In binary compounds containing halogens, compounds with negative valence of halogens are called halides. It includes fluoride, chloride, bromide, iodide and some halogen interchangeable compounds. According to the properties of halide elements, it can be divided into metal halide and non-metal halide. According to the bond type of halide, it can be divided into ionic halide and covalent halide. Boron, carbon, silicon, nitrogen, hydrogen, sulfur, phosphorus and other non-metallic halides are covalent, and most of them are volatile. All these halides are colourless, high melting crystalline solids having high negative enthalpies of formation.

HalidesThe Structure of Aryl Halide


Pharmaceutical Chemistry:

The introduction of halogen into drug molecules can improve its pharmacological activity. Halide is an important intermediate in drug synthesis, which can transform a variety of functional groups from halogen. In addition, halogen can be used as the protective group of olefins and other functional groups, which can improve the selectivity of synthesis. Some biological mutants producing strong biological halogenated natural products or their derivatives can be constructed by means of combinatorial biosynthesis, which is of great significance for the production of antibiotics with medical significance.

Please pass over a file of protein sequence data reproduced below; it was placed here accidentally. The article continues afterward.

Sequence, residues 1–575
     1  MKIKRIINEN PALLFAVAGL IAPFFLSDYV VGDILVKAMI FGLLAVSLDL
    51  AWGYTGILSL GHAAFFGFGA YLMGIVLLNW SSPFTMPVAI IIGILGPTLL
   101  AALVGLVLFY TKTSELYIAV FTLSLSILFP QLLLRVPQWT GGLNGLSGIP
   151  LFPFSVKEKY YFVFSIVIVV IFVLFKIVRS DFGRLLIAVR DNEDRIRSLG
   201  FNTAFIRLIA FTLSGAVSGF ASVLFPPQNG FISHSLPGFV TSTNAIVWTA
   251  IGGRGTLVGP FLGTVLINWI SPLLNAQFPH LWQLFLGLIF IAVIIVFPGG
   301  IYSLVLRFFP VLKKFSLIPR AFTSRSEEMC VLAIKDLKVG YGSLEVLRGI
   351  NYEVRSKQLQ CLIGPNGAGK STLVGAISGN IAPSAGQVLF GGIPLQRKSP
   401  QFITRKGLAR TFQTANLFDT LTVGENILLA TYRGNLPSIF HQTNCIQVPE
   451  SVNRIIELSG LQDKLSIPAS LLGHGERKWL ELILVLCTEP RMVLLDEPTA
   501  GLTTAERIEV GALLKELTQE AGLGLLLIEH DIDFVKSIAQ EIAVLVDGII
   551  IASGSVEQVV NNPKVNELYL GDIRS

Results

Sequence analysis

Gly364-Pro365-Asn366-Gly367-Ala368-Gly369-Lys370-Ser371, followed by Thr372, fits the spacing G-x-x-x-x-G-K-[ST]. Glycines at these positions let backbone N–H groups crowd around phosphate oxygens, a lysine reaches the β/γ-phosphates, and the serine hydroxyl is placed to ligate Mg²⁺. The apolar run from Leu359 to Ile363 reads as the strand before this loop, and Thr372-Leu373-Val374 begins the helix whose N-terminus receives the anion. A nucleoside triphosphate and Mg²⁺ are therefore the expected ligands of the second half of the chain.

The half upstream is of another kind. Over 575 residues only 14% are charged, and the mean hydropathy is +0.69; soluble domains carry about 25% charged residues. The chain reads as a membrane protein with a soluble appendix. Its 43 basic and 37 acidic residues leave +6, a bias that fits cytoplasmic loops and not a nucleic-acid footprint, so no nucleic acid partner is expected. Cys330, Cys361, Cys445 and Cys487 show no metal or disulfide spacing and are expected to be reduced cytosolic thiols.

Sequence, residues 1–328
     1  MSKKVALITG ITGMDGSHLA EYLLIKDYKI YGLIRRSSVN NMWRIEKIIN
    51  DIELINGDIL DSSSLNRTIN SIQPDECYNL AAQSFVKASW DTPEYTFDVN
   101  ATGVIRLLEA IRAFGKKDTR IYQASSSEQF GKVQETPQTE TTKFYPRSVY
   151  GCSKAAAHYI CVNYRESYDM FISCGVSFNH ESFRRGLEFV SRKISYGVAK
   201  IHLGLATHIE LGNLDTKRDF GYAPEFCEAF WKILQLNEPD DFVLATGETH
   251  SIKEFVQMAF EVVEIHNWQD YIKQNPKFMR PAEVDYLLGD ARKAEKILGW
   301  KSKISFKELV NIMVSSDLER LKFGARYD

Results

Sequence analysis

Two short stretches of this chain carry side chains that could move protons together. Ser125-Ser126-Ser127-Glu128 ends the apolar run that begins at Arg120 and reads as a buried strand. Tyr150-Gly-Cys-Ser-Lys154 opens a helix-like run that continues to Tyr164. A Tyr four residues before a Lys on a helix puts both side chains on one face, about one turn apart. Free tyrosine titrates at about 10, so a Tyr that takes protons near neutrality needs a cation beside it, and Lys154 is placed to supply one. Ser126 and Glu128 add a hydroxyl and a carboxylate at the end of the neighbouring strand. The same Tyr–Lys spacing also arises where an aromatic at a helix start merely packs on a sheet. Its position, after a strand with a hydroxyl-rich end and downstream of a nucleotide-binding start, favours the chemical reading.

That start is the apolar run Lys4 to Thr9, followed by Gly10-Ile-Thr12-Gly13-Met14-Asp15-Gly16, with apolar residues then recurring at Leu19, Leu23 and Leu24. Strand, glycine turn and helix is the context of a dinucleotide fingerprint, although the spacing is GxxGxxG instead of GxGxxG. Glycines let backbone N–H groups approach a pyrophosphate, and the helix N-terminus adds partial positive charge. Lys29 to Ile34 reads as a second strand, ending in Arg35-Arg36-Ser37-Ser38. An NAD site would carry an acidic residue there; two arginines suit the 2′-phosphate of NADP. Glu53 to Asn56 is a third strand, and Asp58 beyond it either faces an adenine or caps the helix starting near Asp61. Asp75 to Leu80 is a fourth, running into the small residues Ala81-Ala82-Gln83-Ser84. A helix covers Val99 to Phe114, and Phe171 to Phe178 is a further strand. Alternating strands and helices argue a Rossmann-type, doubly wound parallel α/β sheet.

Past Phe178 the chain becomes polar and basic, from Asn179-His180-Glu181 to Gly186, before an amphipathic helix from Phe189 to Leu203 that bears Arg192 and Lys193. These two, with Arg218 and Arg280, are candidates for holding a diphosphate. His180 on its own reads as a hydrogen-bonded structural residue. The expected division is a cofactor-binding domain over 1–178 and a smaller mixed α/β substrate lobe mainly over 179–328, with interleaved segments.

Material Chemistry:

Metal halides are used in high-intensity discharge lamps called metal halide lamps, such as those used in modern street lamps. Explosion-proof halide lamp is a kind of integrated high light efficiency explosion-proof spotlight, which is suitable for construction lighting in explosion-proof area. In addition, the rich structure and stable skeleton of metal halides will provide more feasible ideas for the design of new solid-state electrolytes and the construction of high-performance lithium-metal batteries.


  1. Catlow, C. R. A., Diller, K. M., & Norgett, M. J. (1977). Interionic potentials for alkali halides. Journal of Physics C: Solid State Physics, 10(9), 1395.
  2. Akkerman, Q. A., Abdelhady, A. L., & Manna, L. (2018). Zero-dimensional cesium lead halides: history, properties, and challenges. The journal of physical chemistry letters, 9(9), 2326-2337.
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